And it’s also true that these fantastic opportunities don’t just show up out of nowhere. And particularly for an attorney that is unhappy with his or her practice of law, and wants to explore moving into something else, these (mainly) non-legal opportunities that we lawyers are well suited for (the compliance manager with the promising start up, the teaching job at the university, the HR role at the Fortune 500 company, the copy-writing gig with the legal focused publication, the COO role with the marketing firm, the in-house counsel role for the tech enabled services firm, the campaign manager role for the up-and-coming politician, the policy wonk with the think tank, the VP of Biz Dev role with the global manufacturing firm, the consigliore to the C suite, the well-spoken blogger, the detailed SaaS project manager) present themselves after we have done a lot (a lot) of hard, smart, and courageous work.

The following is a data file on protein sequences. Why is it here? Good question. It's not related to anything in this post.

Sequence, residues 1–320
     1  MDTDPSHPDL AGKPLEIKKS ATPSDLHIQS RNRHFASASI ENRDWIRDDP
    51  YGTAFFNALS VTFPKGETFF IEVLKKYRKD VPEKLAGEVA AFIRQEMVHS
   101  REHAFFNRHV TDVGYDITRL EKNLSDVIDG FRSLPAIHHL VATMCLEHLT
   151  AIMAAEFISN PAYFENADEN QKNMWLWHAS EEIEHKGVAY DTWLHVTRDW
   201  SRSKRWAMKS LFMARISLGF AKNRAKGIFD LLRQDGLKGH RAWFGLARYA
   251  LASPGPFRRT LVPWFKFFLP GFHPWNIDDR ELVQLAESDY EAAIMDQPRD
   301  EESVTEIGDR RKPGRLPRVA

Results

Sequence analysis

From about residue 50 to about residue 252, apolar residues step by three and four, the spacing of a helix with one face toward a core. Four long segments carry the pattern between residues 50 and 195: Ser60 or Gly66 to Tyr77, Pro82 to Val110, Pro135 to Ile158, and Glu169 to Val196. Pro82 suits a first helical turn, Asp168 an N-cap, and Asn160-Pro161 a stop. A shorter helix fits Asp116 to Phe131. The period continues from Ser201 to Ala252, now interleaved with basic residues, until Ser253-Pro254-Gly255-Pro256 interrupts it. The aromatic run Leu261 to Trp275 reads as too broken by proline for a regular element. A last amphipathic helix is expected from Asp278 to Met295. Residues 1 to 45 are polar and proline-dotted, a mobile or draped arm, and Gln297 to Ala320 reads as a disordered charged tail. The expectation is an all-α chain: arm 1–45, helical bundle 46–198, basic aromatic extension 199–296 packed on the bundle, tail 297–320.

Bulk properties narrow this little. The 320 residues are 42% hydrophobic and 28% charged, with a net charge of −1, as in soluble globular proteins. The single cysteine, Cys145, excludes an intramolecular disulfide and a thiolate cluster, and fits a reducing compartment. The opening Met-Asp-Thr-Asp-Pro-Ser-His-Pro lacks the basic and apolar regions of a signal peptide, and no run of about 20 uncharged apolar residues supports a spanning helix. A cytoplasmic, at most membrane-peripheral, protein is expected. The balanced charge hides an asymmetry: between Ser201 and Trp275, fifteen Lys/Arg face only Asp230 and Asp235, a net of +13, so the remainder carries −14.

This work manifests itself in many (very non-sexy,

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It’s out there, trust me, it’s out there

It’s out there.

You join or found or work on the side with a small company or law firm or consulting firm or organization or a simple web site or blog or something else. Whatever this is – it can be law focused, something totally different, or a mix. This job you do is challenging, and some of it will be grunt work, but the work aligns well with what you are good at and what you enjoy. You are confident at what you do, you actually look forward to what you do, which means you enjoy what you do and you are surrounded by supportive people which means you feel emboldened to take risks and try new things and see what is possible.